Quote of the Day
“Each year over 30,000 people die in the United States in firearm-related incidents. Many of those deaths involve handguns. The adoption of rules that will lessen the number of those incidents should be a matter of primary concern to both federal and state legislators.”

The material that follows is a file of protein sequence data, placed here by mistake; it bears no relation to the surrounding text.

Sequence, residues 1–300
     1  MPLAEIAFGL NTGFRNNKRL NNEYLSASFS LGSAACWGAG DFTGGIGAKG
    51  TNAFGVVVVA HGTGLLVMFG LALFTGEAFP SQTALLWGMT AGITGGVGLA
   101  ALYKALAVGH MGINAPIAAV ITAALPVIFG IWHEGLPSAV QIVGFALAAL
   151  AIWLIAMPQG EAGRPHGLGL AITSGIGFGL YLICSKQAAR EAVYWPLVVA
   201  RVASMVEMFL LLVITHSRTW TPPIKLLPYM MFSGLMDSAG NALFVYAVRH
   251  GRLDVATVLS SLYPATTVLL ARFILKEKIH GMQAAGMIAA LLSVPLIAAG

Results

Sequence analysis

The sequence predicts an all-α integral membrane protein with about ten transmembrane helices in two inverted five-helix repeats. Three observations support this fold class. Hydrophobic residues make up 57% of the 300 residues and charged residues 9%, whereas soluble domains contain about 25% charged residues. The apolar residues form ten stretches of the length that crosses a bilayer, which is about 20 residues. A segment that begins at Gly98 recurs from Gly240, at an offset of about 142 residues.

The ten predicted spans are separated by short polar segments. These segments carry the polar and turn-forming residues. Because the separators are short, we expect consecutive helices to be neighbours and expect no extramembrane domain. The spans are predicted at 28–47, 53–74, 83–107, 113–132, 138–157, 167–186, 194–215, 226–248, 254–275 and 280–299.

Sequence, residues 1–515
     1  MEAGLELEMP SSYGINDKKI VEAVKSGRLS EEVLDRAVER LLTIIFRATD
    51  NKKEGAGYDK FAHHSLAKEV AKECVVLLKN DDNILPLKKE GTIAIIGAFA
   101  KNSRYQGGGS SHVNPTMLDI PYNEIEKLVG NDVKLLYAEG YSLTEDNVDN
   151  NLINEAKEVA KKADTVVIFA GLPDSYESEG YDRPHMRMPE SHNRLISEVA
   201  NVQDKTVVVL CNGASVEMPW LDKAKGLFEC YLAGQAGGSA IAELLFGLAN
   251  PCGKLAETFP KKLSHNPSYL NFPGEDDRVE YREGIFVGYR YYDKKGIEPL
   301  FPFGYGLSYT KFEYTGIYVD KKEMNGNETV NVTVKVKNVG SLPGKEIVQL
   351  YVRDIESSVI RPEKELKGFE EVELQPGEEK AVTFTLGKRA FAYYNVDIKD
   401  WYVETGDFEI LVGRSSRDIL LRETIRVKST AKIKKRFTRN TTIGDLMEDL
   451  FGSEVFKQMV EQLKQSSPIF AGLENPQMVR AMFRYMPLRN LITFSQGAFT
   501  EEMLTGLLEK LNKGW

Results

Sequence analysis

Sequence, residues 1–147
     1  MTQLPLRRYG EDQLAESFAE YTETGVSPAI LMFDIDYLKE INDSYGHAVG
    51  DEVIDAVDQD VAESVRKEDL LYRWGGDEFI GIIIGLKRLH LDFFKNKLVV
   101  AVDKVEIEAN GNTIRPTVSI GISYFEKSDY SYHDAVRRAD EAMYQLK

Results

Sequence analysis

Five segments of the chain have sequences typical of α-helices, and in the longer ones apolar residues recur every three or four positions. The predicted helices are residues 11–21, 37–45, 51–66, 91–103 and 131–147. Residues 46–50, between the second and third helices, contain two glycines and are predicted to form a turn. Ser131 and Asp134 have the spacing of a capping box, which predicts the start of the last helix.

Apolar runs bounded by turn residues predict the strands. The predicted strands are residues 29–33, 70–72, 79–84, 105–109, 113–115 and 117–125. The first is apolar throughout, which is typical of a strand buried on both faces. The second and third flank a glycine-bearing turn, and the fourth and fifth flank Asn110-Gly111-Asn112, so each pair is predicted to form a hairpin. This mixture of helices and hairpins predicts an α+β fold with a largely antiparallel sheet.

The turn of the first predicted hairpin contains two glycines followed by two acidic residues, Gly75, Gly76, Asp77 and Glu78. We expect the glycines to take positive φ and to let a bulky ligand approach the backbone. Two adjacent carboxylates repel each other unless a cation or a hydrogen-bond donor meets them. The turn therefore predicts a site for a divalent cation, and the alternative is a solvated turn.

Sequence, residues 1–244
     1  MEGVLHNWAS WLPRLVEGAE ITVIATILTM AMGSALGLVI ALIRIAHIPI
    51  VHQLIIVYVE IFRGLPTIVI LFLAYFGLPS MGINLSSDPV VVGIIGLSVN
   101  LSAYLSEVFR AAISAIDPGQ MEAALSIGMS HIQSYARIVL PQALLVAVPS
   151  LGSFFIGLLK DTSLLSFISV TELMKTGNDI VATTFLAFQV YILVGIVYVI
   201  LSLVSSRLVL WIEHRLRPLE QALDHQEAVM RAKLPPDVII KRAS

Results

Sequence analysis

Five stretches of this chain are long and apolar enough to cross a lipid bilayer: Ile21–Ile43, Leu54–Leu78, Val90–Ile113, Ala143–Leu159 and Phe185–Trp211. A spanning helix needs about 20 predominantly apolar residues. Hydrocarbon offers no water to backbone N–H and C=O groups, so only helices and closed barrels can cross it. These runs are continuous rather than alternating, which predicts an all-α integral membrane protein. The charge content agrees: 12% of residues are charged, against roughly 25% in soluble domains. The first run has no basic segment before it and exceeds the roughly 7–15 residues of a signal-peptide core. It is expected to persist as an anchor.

-- Justice John Paul Stevens in his book, “Six Amendments: How and Why We Should Change the Constitution.” Chapter VI includes Justice Stevens' interpretation of the original meaning of the Second Amendment: “Concern that a national standing army might pose a threat to the security of the separate states.” He adds that for more than 200 years, “federal judges uniformly understood that the right protected by the text was lmited in two ways: first, it applied only to keeping and bearing arms for military purposes, and second, while it limited the power of the federal government, it did not pose any limit whatsoever on the power of states or local governments to regulate the ownership or use of firearms.” Even the broader rulings of the recent court (in District of Columbia v. Heller and McDonald v. Chicago), from which Justice Stevens dissented, are not as broad as people might think, limited, as they are, to guns used for protection.